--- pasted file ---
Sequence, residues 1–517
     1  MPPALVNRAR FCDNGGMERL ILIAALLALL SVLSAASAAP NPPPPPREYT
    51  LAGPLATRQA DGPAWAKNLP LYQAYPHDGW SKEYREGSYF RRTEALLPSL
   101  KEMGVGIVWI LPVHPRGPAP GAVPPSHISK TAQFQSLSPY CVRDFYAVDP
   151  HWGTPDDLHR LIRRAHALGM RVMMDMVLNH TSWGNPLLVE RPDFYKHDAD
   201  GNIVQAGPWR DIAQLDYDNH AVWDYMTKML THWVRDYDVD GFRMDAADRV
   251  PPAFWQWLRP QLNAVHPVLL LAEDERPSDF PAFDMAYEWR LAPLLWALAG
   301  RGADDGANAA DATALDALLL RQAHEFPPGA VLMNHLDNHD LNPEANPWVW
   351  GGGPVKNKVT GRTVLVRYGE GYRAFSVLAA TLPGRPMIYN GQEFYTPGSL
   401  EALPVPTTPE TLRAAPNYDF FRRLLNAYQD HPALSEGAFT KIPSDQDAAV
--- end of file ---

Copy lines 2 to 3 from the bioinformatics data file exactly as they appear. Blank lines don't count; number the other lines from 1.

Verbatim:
     1  MPPALVNRAR FCDNGGMERL ILIAALLALL SVLSAASAAP NPPPPPREYT
    51  LAGPLATRQA DGPAWAKNLP LYQAYPHDGW SKEYREGSYF RRTEALLPSL